Google did not make the cut for most ethical software company, but Microsoft did. What’s up with that, asks Clint Boulton
Business ethics think tank Ethisphere has declared its list of top 110 most ethical companies, which “demonstrate real and sustained ethical leadership within their industries, putting into real business practice the Institute’s credo of “Good. Smart. Business. Profit.”
Over 3,000 businesses of all types were urged to apply. A methodology committee of “leading attorneys, professors, government officials and organisation leaders,” concocted the list, which took into account history of regulatory infractions, sustainable business practices, and peer nominations.
Guess what? For the software maker category, Google isn’t on it. As you can see the brief list, Microsoft is, which has the blogosphere hopping.
Why? Because we in the media like cruel twists and delicious ironies, and it’s twisty and ironic that Google of “Don’t Be Evil” fame didn’t make the list but convicted monopolist Microsoft did. Silicon Alley Insider explains why Microsoft made the cut.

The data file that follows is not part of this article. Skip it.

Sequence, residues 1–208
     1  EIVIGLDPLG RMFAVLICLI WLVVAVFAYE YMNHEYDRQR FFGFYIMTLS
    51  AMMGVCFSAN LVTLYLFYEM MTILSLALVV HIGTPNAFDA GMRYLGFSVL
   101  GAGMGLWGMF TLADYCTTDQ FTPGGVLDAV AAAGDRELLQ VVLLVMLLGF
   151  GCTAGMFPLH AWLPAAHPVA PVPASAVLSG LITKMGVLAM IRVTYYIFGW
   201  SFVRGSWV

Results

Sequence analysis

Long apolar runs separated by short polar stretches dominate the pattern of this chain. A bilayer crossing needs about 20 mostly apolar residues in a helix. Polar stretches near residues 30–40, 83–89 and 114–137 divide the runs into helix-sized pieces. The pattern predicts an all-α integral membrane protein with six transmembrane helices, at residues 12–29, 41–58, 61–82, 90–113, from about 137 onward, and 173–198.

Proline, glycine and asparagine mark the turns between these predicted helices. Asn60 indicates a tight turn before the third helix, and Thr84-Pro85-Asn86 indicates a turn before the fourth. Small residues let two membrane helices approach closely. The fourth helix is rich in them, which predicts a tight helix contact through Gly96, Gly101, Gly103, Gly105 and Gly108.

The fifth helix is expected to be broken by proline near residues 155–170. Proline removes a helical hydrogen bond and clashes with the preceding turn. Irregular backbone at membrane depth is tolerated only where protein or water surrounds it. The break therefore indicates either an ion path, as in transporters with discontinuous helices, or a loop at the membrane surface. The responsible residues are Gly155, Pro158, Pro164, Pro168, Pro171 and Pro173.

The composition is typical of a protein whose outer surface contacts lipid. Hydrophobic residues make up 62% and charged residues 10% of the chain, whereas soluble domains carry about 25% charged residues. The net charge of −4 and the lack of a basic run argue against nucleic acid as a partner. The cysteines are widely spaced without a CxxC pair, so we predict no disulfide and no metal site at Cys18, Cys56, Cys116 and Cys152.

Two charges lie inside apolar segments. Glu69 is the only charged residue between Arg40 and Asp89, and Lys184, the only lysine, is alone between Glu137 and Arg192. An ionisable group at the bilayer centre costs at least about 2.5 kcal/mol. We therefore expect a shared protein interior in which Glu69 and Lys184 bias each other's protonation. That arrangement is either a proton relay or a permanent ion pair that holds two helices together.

See the irony? Well, it could have something to do with the fact that Google is viewed as anticompetitive by other businesses in the broader search market.
Dropping smaller rivals in search results is the claim, which is possibly illegal and certainly unethical if true; regulators in the US and Europe are taking Google to task for this.
Regulatory infractions, corporate philanthropy and peer review are also part of the mix. Google is darn good on the first two, probably not so good on the third if you ask businesses fighting to improve their page rank.
All about the apps
I don’t care what these companies do to each other or what they think of each other. If companies provide me with web services I value and articulate our data consumption relationship – in the sense that Google, Facebook or whomever save my data in exchange for a free service – we’re quite simpatico.
I don’t care that Google steals Microsoft employees, or that Facebook steals Google and Microsoft employees. Just give me the apps and other tools I need to flit around the Internet like a rock star and we’re just fine.
Violate my privacy (and that of others) and prepare to face the class-action lawsuit (Google Buzz, Facebook Beacon, anyone?)
Respect our data relationship or charge me fair prices for subscriptions and I don’t care what you do.